# CO2 Outgassing Model (αβ)

This is one of the most interesting things I have done in a few weeks.

I am always motivated to find simple relationships that expose the seeming complexity of the climate system. In this case it involves the subtly erratic behavior observed in paleoclimate temperature versus CO2 data. The salient trends are there, in that CO2 and Temperature track each other, but the uncertainties cause climate watchers some puzzlement. The following tries to put a model-based understanding to what I think is happening. As usual, this does not rely on detailed climate models but simply pragmatic physical considerations placed in a mathematical context.

Premise. A model of long-term global temperature and CO2 interactions would assume two primary contributions.

First, we have the forcing function due to the greenhouse gas properties of atmospheric CO2 concentrations, where c = [CO2] is in parts per million (PPM). The first-order paramater alpha, α, is known as the climate sensitivity and is logarithmic with increasing concentrations (log=natural log): $$\Delta T = \alpha \log {\frac{[CO_2]}{C_0}}$$ The second contributing factor is due to steady-state outgassing of CO2 from the ocean’s waters with temperature. A first-order approximation is given by the Arrhenius rate law to estimate gaseous partial pressure. The standard statistical mechanical interpretation is the invocation of a Boltzmann activation energy to model the increase of steady-state pressure with an increasing temperature bath. $$p = p_0 e^{\frac{-E_a}{kT}}$$ To keep things simple we use the parameter beta, β, to represent the activation energy in Kelvins, where k is Boltzmann’s constant. The relation between Kelvins and electron volts is 11600 Kelvins/eV. $$\beta = \frac{E_a}{k}$$ $$p = p_0 e^{\frac{-\beta}{T}}$$ This works very well over a reasonable temperature range, and the activation energy Ea is anywhere between 0.2 eV to 0.35 eV. The uncertainty is mainly over the applicability of Henry’s law, which relates the partial pressure to the solubility of the gas. According to a Henry’s law table for common gases, the CO2 solubility activation energy is β = 2400 Kelvins. However, Takahashi et al (see reference at end) state that the steady state partial pressure of CO2 above seawater doubles with every 16 celsius degree increase in temperature. That places the activation energy around 0.3 eV or a β of 3500 Kelvins. This uncertainty is not important for the moment and it may be cleared up if I run across a definitive number.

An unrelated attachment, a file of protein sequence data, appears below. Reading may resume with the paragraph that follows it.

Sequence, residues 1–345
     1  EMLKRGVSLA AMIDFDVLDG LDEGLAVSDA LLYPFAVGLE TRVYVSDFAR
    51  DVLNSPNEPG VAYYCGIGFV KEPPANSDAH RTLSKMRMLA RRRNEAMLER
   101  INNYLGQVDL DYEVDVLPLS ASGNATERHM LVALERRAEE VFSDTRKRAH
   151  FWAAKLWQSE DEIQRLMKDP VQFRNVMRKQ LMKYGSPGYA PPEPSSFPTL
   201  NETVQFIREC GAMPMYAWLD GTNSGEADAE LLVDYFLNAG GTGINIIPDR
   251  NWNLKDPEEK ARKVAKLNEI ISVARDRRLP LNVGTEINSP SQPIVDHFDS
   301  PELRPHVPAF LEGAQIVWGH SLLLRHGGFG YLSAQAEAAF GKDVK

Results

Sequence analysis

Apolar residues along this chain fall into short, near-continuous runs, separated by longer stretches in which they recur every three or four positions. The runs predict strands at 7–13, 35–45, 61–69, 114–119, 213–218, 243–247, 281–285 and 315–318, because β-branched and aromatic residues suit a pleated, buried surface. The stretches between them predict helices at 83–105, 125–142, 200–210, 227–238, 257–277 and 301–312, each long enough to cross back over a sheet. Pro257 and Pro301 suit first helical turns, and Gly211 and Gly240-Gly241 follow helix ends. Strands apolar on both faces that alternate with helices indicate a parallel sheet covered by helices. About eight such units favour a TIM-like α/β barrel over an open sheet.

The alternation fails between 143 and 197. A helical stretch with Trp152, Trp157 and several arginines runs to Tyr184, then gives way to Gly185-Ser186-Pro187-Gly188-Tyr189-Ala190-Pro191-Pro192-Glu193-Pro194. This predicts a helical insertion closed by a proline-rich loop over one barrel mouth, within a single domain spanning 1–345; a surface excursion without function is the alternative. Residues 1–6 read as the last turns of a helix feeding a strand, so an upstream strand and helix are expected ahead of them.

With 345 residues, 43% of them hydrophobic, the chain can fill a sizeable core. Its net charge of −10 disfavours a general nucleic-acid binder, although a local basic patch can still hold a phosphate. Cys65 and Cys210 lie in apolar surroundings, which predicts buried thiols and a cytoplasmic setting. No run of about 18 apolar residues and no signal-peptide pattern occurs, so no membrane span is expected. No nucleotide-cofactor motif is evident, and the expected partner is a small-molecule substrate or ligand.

Next, we want to find the differential change of pressure to temperature changes. This will create a limited positive feedback to the atmospheric concentration and we can try to solve for the steady-state asymptotic relationship. The differential is: $$d[CO_2] \sim dp = \frac{\beta}{T^2} p dT \sim \frac{\beta}{T^2} [CO_2] d\Delta T$$ In terms of a temperature differential, we invert this to get $$d\Delta T = \frac{T^2}{\beta [CO_2]} \Delta [CO_2]$$ Now we make the simple assertion that the differential changes in temperature will consist of one part of the delta change due to a GHG factor and another part due to the steady-state partial pressure. $$d \Delta T = \frac{\alpha}{[CO_2]} d\Delta [CO_2] + \frac{T^2}{\beta [CO_2]} d\Delta [CO_2]$$ We next cast this in terms of a differential equation where dc=d[CO2] and dT = dΔT. $$\frac{dT(c)}{dc} = \frac{\alpha}{c} + \frac{T(c)^2}{\beta c}$$ The solution to this non-linear differential equation is closed-form. $$T(c) = \sqrt{\alpha\beta} \tan{\sqrt{\frac{\alpha}{\beta}\log{c} + K_0}}$$ The interpretation of this curve is essentially the original activation energy, β, modified by the GHG sensitivity, α. The constant K0 is used to calibrate the curve against an empirically determined data point. I will call this the αβ model.

Application. We can use the Vostok ice core data to evaluate the model. My previous posts on Vostok introduced the CO2 outgassing concept and evaluated a few random walk simulations. The following figure gives an idea of the raw data we are dealing with and the kind of random walk simulation one can generate.

The key I think is to understand the seemingly random limit cycles of the atmospheric CO2 concentration with temperature. This is seen with the following graphs, reproduced from the earlier post:

The αβ model asymptote would at best draw a line through the space and couldn’t explain the cloud of uncertainty (i.e. covariance) relating CO2 to Temperature.

To run a simulation,we need to establish a working temperature range, as the absolute temperature is required for the αβ model. Realizing that the actual Vostok temperature range was not known but the relative temperatures were available, I took an arbitrary starting point of 288 K (corresponding to a temperate or warm region). Some value is needed since a T^2 factor plays into the model. Placing the value 50K less will not change the interpretation.